Health informatics is one of the leading areas of study for graduates in science, technology, engineering and mathematics (STEM) education. Pursuing a health informatics degree provides a holistic learning model that covers technical, social, ethical, theoretical and economical applications to health informatics. These programs go above and beyond the textbook by working hands-on with students. In doing so, they provide up-close observation, demonstrate applied processes and provide real-world experience to better equip them for a career after college.
The career outlook for a job in the health informatics field is one of the highest in the market. According to the Bureau of Labor Statistics, employment of health information technicians is projected to grow 15 percent from 2014 to 2024, which is much faster than the average growth for all occupations in the United States.
This large need to fill the skills gap, or the lack of employable talent to match the job demand in the field, comes with the entire transformation of a system. The transformation of health records from paper documents to a digital file has provided better security and storage for patients’ medical information. However, making the transition has become a lengthy and tedious process as many medical technicians aren’t up to date with the new software and systems. This move to digital documenting, paired with constant reform in the healthcare industry, creates a high demand for health informatics experts who understand the healthcare system, what it lacks and how to improve it.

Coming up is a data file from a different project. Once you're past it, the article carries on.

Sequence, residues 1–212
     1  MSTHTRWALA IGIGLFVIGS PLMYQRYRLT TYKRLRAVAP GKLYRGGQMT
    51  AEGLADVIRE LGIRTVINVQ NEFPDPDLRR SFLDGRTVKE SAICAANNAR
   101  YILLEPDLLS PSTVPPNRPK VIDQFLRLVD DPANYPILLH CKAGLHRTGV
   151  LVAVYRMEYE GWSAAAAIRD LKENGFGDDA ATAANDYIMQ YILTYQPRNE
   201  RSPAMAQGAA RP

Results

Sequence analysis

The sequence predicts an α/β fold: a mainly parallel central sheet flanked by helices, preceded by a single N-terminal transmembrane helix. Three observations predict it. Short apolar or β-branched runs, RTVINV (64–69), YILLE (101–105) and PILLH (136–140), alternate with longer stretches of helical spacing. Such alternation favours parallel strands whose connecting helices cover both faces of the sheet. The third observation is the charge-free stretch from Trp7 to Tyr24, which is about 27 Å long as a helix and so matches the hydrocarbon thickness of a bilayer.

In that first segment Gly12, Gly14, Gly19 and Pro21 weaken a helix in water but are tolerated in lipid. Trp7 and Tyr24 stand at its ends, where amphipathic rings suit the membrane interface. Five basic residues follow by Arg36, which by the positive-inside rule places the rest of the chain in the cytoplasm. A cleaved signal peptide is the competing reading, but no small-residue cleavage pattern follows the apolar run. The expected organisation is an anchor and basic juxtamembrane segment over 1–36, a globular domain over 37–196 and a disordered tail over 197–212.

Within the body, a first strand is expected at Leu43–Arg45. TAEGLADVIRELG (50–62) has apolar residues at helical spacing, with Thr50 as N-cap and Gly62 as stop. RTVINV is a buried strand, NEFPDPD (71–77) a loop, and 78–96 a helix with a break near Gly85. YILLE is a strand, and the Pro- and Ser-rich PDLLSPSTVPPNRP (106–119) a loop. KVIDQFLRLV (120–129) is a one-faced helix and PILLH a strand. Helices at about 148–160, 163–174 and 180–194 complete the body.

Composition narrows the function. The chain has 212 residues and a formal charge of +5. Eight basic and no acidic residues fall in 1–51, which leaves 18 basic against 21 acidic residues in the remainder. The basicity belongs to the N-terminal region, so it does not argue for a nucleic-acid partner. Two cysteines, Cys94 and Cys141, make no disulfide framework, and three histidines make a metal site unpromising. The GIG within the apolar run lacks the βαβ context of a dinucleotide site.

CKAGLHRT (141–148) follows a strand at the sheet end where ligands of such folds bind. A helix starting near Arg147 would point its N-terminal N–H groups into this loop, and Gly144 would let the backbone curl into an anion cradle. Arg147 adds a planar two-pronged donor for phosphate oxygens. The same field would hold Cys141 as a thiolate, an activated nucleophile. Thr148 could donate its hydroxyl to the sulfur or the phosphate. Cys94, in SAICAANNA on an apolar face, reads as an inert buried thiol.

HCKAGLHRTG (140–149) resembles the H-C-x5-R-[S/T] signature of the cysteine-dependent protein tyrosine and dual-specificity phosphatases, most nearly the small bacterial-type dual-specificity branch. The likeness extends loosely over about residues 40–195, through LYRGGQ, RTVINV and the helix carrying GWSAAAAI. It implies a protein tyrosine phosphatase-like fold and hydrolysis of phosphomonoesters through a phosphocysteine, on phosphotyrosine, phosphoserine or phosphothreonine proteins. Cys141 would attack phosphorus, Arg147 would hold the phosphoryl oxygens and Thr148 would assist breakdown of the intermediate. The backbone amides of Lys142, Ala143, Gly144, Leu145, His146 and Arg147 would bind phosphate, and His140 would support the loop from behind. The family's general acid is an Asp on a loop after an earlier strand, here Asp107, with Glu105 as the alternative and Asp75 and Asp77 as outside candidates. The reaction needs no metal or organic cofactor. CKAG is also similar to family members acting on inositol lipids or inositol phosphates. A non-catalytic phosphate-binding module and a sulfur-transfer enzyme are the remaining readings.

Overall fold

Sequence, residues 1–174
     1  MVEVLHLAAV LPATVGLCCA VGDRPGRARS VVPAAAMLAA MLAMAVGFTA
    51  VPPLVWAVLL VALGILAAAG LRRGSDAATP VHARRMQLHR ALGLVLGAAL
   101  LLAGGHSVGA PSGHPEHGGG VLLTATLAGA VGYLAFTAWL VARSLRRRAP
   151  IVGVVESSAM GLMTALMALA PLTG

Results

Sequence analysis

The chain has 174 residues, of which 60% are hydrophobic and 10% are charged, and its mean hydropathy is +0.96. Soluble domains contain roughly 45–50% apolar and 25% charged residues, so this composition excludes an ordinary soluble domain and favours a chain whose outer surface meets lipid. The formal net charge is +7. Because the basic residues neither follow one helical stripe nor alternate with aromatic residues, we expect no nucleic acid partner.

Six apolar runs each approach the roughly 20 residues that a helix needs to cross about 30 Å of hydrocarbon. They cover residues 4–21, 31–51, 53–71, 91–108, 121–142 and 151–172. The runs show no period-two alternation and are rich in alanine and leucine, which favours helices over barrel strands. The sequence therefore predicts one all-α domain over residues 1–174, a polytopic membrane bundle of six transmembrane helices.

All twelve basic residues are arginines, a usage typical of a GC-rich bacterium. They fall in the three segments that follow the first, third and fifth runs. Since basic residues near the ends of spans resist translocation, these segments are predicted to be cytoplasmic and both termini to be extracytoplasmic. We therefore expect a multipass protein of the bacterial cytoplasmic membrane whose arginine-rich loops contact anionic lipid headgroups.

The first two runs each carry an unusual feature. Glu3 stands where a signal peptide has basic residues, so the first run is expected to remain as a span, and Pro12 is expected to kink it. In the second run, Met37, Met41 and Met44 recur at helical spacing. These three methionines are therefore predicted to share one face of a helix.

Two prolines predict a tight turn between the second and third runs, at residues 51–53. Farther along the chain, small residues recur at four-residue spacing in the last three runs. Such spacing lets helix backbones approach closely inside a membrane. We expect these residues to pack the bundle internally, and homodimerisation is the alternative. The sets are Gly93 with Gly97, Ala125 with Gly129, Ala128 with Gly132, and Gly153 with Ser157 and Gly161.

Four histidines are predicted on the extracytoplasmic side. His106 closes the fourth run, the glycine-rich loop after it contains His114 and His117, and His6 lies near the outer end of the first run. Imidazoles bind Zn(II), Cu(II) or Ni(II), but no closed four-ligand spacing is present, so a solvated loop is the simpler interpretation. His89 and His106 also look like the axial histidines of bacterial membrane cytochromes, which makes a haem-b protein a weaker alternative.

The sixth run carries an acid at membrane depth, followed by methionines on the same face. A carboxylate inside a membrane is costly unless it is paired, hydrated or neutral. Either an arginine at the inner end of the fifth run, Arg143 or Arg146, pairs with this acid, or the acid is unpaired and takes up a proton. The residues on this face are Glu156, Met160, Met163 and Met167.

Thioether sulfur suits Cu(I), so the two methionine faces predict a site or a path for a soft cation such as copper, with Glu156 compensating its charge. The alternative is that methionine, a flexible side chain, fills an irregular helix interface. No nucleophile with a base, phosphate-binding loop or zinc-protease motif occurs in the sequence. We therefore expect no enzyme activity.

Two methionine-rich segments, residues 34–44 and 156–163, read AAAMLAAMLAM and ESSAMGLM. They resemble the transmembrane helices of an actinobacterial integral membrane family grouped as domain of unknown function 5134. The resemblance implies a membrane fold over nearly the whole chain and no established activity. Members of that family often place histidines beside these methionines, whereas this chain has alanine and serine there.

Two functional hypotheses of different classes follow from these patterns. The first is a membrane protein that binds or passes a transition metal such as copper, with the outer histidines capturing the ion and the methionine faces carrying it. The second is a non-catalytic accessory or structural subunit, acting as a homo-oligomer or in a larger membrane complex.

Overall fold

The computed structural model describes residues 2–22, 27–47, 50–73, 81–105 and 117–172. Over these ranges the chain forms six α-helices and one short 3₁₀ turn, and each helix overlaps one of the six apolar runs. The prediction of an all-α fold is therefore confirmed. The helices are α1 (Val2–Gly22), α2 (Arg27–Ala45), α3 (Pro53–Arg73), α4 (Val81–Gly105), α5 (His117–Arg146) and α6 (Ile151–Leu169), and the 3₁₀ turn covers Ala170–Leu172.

Students who graduate from a health informatics program will continue to be in high demand from employers, and will likely fill roles such as health informatics technicians or analysts. They will be used for their advanced abilities in computer programming, data analytics, healthcare system analysis, preventing medical errors and tracking diseases. In all of these areas, and many more, students can implement what they’ve learned in the classroom to improve the health informatics sector.